Feb 03, 2014

    Stocks unlikely to gallop into Horse year

    THE No. 1 question on investors' minds now is whether there will be a hongbao rally following the recent rout.

    But even as they have been indulging in festivities to celebrate the lunar year of the Horse, they may not find regional shares striding out of their current slide when the market opens today.

    "It's clear that Asian stocks are unlikely to be galloping into the Year of the Horse," said IG Markets strategist Kelly Teoh.

    A host of factors have combined in recent weeks to send bourses heading south.

    These include the United States Federal Reserve's further trimming of its monetary stimulus, the re-emerging crisis in emerging-market currencies, and a slowdown in China manufacturing.

    Mr Shane Oliver, head of investment strategy and chief economist at AMP Capital Investors, said: "With shares no longer dirt cheap, returns are likely to be a bit more constrained and volatile, and the current correction could go a bit further until investor confidence readings fall back a bit more."

    The jitters that Asian investors feel currently would not have been calmed by Wall Street's 0.9 per cent slide on Friday, which capped a torrid month for US stocks.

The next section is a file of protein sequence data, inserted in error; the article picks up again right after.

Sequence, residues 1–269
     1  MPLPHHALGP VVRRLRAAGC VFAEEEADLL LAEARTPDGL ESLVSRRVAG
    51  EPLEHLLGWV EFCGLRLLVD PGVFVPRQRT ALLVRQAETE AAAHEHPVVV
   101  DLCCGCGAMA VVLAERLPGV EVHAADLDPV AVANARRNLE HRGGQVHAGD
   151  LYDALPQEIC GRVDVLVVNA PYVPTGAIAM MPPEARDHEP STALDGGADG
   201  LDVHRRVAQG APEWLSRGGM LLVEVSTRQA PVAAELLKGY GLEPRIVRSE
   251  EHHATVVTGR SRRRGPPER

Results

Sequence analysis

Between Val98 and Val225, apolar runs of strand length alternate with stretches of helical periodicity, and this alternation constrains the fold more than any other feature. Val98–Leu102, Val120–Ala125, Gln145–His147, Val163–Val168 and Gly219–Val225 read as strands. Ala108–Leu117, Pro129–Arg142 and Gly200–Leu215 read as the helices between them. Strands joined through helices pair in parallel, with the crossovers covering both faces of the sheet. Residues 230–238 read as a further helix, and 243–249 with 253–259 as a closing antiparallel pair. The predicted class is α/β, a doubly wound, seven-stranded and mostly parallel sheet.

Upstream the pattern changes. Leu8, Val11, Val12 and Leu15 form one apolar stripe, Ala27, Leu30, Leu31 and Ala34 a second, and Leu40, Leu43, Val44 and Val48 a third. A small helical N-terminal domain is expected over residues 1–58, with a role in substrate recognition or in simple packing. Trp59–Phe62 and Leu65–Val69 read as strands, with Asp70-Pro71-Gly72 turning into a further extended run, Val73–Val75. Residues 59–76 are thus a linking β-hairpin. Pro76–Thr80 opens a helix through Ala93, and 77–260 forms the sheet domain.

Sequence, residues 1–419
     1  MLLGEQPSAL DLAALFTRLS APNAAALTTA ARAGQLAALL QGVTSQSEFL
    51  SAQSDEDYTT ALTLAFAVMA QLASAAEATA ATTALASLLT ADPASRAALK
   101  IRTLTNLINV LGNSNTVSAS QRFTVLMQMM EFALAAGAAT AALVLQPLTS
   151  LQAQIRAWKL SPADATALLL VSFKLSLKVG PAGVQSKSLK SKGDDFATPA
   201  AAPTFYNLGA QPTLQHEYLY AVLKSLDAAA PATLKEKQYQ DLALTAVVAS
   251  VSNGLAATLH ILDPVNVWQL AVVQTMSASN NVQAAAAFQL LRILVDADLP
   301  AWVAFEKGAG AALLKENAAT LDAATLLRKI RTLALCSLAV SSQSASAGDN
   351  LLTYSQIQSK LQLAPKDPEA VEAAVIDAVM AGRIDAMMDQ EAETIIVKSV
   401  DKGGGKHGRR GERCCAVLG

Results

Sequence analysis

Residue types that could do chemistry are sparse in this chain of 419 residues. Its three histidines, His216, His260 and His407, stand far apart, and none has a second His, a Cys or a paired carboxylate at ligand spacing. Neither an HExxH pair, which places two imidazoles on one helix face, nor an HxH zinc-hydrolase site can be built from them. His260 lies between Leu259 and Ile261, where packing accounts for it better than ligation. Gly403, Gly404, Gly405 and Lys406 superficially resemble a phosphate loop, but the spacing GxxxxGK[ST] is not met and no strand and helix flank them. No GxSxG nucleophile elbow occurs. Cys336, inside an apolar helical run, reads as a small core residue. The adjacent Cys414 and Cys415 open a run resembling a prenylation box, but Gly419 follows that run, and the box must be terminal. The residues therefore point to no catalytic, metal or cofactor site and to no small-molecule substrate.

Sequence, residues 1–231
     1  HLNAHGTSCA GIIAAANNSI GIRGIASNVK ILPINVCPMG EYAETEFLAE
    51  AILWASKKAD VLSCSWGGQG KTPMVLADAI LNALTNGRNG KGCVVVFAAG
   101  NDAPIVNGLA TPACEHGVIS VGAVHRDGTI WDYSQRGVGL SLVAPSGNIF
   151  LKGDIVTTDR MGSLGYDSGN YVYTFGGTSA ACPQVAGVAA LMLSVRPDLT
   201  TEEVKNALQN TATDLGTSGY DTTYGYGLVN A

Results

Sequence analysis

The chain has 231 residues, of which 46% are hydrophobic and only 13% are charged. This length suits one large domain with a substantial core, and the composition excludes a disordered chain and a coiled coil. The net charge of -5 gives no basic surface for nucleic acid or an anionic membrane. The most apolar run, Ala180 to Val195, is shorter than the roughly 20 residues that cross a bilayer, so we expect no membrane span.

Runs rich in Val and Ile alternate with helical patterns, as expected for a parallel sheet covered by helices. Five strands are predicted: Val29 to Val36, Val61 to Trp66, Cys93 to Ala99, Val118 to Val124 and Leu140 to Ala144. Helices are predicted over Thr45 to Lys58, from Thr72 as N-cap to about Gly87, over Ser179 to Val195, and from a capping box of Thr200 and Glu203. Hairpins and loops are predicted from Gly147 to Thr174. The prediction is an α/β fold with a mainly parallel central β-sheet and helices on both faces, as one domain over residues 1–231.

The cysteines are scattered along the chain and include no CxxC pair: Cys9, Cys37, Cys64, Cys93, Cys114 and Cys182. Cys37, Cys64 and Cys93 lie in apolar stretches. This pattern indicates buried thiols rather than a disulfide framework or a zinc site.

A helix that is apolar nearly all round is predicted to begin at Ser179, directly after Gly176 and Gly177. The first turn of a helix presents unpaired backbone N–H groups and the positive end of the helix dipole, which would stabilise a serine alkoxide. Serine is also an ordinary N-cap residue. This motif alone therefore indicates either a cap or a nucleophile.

That further dip meant that the Dow Jones Industrial Average dropped a total of 1.14 per cent for the week, with the much-watched S&P 500 index declining 0.4 per cent.

    The week's losses also ensured that January was a month to forget for US stocks, with the Dow sinking 5.3 per cent - its largest percentage decline since 2009. The S&P 500 also fell into the red, dropping 3.3 per cent for its worst January since 2010.

    Back home, the benchmark Straits Times Index (STI) slipped another 1.6 per cent for the week, having tumbled 2.3 per cent in the previous. The bellwether indicator is hovering just above the key psychological 3,000-point mark at 3,027.22.

    The STI was not alone - its key regional peers also lost ground - with Japan's Nikkei 225 index falling 3.1 per cent to cap its largest monthly decline since May 2012, and Hong Kong's Hang Seng Index dropping 1.9 per cent.

    Many market experts had warned of a correction at some point, given the good gains last year.

    The key question now is whether the current pullback is due to an overvalued market or the emergence of deeper global economic woes.

    Mr Anthony Conroy, head of global trading at Bank of New York Convergex, told AFP that investors' worries include mixed earnings and the precipitous drop in emerging-market economies.

    Still, most analysts believe that investors should remain in equities.

    Mr Oliver is among the group who tips stocks to rise this year, buoyed by "reasonable valuations, improving earnings on the back of the global economic recovery, and easy monetary conditions helping to entice investors to switch out of cash and bonds and into shares".

    This week, the market's key focus will be on Friday's US payrolls report, which is expected to show a recovery from December's weather-affected gain of just 74,000 jobs.

    Other keenly monitored data include one on manufacturing conditions out today and another on services sentiment out on Wednesday.